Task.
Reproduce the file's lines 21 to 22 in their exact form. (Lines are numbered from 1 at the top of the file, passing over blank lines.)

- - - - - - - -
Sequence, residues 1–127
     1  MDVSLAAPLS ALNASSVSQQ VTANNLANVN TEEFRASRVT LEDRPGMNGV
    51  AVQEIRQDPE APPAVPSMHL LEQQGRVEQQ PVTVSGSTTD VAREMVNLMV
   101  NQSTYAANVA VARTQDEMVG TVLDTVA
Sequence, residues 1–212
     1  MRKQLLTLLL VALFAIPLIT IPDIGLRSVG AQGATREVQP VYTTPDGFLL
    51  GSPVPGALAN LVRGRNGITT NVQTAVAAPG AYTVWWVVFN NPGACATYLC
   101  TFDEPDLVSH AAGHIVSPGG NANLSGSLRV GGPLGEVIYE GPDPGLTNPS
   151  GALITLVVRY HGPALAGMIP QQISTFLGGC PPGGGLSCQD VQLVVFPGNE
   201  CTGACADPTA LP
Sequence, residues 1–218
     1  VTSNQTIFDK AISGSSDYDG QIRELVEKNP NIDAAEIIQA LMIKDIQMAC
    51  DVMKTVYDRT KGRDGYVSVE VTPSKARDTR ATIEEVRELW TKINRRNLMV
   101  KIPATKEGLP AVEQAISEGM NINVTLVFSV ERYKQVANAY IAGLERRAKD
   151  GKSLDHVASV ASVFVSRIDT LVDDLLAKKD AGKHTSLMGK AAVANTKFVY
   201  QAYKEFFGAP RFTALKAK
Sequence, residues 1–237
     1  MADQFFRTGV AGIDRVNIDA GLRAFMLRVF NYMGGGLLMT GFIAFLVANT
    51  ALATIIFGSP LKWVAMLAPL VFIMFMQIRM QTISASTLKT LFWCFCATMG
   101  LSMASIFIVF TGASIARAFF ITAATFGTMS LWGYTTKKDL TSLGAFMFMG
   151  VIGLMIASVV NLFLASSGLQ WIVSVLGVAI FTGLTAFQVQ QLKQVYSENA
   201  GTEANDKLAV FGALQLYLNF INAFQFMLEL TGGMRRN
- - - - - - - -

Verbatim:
   151  VIGLMIASVV NLFLASSGLQ WIVSVLGVAI FTGLTAFQVQ QLKQVYSENA
   201  GTEANDKLAV FGALQLYLNF INAFQFMLEL TGGMRRN